B2E Data Blog

Marketers Need to Prepare for a Cookie-Less Future

Feb 16, 2022 11:03:46 AM / by Keith Snow

Advertising based on a person’s internet habits is so effective because it connects needs with solutions – sometimes in real time. Clearly, it’s far superior to the days when businesses paid primarily for audience reach, hoping somewhere in the crowd, they would connect with the right person at the right time. 

Up until now, at the center of this process has been web cookies, the small files embedded in websites that enable the tracking of a user’s online movements. Third-party cookies, which can track behavior across multiple websites, have given marketers a wider window to see more deeply into their target audiences. 

But, third-party cookies are exiting the world wide web and taking many marketers’ go-to advertising strategies with them. When it comes to cookies, it’s time to start thinking about new advertising plans. 


Smiling woman in the kitchen looking at her laptop


Why and When Are Cookies Going Away?

Amid growing online privacy concerns, Google initially announced plans in 2020 to phase out third-party cookies in its Chrome browser (the leading internet browser in the world) by early 2022. The plan was to develop more privacy-friendly alternatives with input from the broader advertising industry. 

But, moving away from cookies hasn’t proven to be simple. Last summer, Google delayed the move by another year, citing the need for more time to work with partners to improve proposed solutions and get the ecosystem right. It looks like the plan to phase out cookies will happen in two stages. Beginning in late 2022, once testing for solutions is complete and the necessary software is available within Chrome, developers can start to transition to alternatives. Beginning in md-2023, Google will officially begin to phase out support for cookies.

Though the official end of cookies has gotten a bit more time, marketers need to prepare now for the impending cookie-less future. 

What Comes After Cookies?

Google is currently evaluating a number of privacy-focused proposals to replace third-party cookies.  One that gained attention was proposed by Google itself and known as FLoC. It used machine learning to group web users into “cohorts” by interest – but after widespread opposition, it’s now dead.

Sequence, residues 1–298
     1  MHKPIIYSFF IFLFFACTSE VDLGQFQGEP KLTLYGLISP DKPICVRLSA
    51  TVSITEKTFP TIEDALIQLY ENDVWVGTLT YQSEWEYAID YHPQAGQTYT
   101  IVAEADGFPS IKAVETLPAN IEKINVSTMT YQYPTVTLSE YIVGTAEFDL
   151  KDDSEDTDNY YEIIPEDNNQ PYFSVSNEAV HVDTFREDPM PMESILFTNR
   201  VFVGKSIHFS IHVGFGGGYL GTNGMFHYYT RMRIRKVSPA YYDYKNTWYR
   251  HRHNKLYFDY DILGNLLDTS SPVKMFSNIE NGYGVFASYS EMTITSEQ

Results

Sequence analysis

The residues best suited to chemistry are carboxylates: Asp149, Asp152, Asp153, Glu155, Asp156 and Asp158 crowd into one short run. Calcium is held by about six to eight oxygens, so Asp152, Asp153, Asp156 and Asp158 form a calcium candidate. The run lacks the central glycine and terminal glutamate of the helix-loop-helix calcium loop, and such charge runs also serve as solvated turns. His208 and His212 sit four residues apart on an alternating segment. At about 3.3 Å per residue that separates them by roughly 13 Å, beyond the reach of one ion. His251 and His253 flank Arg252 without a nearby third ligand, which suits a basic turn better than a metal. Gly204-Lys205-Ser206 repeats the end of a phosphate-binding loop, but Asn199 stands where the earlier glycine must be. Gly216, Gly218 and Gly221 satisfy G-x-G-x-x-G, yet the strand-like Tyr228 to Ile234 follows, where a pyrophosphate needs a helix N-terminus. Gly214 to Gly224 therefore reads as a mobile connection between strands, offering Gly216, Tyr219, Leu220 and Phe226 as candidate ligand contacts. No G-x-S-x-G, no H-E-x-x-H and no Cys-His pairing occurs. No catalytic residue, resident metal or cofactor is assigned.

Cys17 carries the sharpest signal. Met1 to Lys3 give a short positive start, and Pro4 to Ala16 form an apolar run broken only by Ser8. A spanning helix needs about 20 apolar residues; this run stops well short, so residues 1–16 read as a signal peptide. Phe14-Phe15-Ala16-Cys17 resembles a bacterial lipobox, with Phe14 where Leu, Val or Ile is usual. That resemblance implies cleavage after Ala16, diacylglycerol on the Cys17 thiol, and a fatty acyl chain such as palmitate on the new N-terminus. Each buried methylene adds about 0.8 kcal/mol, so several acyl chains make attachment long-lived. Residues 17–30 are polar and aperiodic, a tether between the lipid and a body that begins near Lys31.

Google has just begun to share details about a new interest-based advertising plan called “Topics API.” Based on a user’s browsing behavior, Topics will determine the handful of topics that represent top interests for that week. Information is provided to advertisers without personal identifiers, and topics are deleted after three weeks. Google is building in controls that allow a user to see the topics, remove any they don’t like, or disable the feature entirely.

We will continue to learn more about potential cookie alternatives this year, and marketers should be ready to adapt. At the same time, many marketers are shifting to strategies based on “first-party data.” 

Marketers’ Move to First-Party Data

Even after third-party cookies go away, first-party cookies will remain. What’s the difference? Third-party cookies are placed by a party other than the site you are visiting. They are commonly used for things such as retargeting, tracking browsing behavior across numerous websites, and determining which ads are served on sites with advertising platforms. As an example, when someone has browsed a product or service on a company’s website, third-party cookies allow marketers to target that person with ads on other sites to move them toward a purchase. 

First-party cookies are created and stored directly by a website. These are what allow businesses to collect customer data such as their behavior while on the website, and remember user preferences such as login information, which pages a user has visited, or if they previously placed products in a shopping cart. The data a business collects about its own customers is extremely valuable to a business – but it is more difficult to get the breadth of desired information firsthand than it is from a third party. 

Marketers should start prioritizing first-party data collection now. This means evaluating all of your collection pathways – not just your website! This might include mobile apps, social media, or loyalty programs. 

Additionally, marketers can look into a rapidly growing concept: First Party Media Networks or Retail Media Networks. This is where brands with a large reach allow partner companies to advertise and gain insights from their audience. For example, Walgreen’s launched the Walgreen’s Advertising Group, which gives partners access to Walgreen’s first-party dataset built from its more than 100 million loyalty program members. 

Amid these changes, data will continue to be at the center of the most effective advertising strategies. If it’s time for your organization to begin, or rethink, the best data-driven marketing efforts, we’re here to help. Here’s how to schedule a conversation!
Keith Snow

Written by Keith Snow

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